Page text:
BrainChip is starting to deliver its Akida1000 system chip to customers although the company insists that is main business model is intellectual property licensing, similar to ARM'sThe Akida1000 contains 80 neural processors and is implemented in 28nm CMOS (see Brainchip's Akida is a fast learner) and Brainchip announced the start of volume production in April 2021. This was shortly after Louis DiNardo quietly left the position of CEO in March. Peter van der Made, the founder of Brainchip and previously CTO, has taken up the CEO role.
Anil Mankar, chief development officer, told eeNews Europe: "Chip production volume is just starting now. But you will see a lot of IP licensing going forward." He added: "We are process agnostic."
The near-term focus is supplying the Akida IP to 22nm although some customers may go back to 90nm process, Akida executives said.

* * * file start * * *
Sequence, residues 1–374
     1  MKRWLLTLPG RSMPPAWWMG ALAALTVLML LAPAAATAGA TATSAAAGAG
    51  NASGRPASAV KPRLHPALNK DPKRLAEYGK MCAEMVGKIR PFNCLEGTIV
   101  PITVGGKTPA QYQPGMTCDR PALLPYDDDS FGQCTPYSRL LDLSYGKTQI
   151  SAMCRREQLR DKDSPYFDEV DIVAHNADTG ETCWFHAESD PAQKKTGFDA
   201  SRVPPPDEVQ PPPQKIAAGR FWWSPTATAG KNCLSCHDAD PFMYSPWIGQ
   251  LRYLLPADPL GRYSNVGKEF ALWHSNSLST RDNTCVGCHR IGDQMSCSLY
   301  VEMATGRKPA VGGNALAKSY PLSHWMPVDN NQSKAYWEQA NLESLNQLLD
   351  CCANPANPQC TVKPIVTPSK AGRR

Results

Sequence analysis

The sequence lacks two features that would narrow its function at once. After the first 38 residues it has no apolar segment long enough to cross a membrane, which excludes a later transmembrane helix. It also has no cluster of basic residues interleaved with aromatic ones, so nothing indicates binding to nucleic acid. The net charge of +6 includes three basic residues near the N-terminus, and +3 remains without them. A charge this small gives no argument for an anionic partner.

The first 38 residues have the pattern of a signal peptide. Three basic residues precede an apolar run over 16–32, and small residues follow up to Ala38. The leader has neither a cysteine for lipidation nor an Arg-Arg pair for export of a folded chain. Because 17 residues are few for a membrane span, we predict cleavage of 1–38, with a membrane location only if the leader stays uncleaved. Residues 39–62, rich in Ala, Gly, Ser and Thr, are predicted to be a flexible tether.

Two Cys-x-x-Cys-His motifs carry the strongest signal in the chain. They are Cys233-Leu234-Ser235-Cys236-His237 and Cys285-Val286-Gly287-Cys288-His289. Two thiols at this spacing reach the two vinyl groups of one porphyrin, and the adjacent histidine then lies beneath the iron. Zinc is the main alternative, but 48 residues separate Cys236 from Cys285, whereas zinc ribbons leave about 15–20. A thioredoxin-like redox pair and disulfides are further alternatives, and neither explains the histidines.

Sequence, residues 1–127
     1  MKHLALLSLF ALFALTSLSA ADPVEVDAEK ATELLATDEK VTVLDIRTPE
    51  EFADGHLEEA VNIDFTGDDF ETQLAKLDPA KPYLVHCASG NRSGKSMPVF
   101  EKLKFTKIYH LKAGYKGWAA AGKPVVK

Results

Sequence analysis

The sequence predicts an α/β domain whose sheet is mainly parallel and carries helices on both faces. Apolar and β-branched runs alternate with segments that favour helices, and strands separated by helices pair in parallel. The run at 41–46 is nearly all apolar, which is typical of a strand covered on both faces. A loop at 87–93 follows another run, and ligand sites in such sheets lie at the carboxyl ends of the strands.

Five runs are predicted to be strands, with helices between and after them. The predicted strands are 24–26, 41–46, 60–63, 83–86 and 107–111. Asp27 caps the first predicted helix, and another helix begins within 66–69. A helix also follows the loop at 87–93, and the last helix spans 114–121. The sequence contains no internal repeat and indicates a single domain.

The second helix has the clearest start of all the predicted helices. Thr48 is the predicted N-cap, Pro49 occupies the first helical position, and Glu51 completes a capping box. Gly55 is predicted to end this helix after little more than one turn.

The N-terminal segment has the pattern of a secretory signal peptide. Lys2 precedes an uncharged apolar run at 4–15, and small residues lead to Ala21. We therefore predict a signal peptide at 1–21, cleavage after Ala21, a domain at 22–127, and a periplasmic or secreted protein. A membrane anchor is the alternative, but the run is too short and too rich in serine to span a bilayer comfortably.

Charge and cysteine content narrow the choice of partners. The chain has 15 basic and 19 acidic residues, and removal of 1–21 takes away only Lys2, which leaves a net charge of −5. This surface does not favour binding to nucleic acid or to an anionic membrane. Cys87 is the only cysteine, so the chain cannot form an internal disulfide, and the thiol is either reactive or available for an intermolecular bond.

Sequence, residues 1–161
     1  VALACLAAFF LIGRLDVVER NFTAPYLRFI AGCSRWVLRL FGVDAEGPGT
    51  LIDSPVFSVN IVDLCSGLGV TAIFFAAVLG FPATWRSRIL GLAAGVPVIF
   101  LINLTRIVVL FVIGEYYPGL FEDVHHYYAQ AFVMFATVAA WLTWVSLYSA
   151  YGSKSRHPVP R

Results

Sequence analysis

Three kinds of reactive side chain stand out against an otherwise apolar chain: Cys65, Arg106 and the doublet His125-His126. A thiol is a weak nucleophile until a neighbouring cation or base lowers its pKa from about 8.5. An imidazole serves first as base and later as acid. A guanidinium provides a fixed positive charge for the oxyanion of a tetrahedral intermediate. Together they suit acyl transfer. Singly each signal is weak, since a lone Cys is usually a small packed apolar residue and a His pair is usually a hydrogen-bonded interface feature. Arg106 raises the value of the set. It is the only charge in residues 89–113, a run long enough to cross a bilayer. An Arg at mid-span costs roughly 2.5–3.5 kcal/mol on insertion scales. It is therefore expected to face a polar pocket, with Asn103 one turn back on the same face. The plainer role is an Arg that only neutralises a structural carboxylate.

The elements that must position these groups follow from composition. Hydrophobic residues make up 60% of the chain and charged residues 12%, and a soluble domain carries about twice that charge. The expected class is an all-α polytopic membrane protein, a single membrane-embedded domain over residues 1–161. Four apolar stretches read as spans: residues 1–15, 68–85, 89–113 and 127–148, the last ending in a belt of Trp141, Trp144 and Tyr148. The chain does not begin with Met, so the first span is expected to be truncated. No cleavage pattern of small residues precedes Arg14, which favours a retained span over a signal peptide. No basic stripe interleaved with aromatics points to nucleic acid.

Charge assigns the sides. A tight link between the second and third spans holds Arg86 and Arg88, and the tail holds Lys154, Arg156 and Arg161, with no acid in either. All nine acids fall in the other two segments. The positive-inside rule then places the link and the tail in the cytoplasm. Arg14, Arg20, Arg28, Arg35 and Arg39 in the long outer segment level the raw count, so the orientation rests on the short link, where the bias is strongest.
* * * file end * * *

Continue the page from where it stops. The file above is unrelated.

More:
Rob Telson, vice president of worldwide sales, said BrainChip is drawing up plans for smaller and larger versions of Akida under the names Akida500, Akida1500 and Akida2000. Some of these may well comply to a new generation of the Akida architecture – Akida 2.0 – due to arrive in 2022. It is thought Akida500 could be implemented in 22nm FDSOI manufacturing process, and serve as a demonstrator of the agnostic nature of the Akida architecture.
Mankar emphasizes that the Akida architecture can implement both conventional convolutional neural networks (CNNs) and spiking neural networks (SNNs) that allow for a broader range of data processing models and learnings. The human brain based on spiking signals passed between neurons. "Spikes are spatio-temporal. There's a lot of information to extract from spikes that we are not yet taking advantage of," said Mankar.
The scalability of the architecture is also important, he said. "Our IP can from 2 processing nodes to 128," said Mankar. If a licensee goes to 7nm CMOS then they can go to many nodes, he added.
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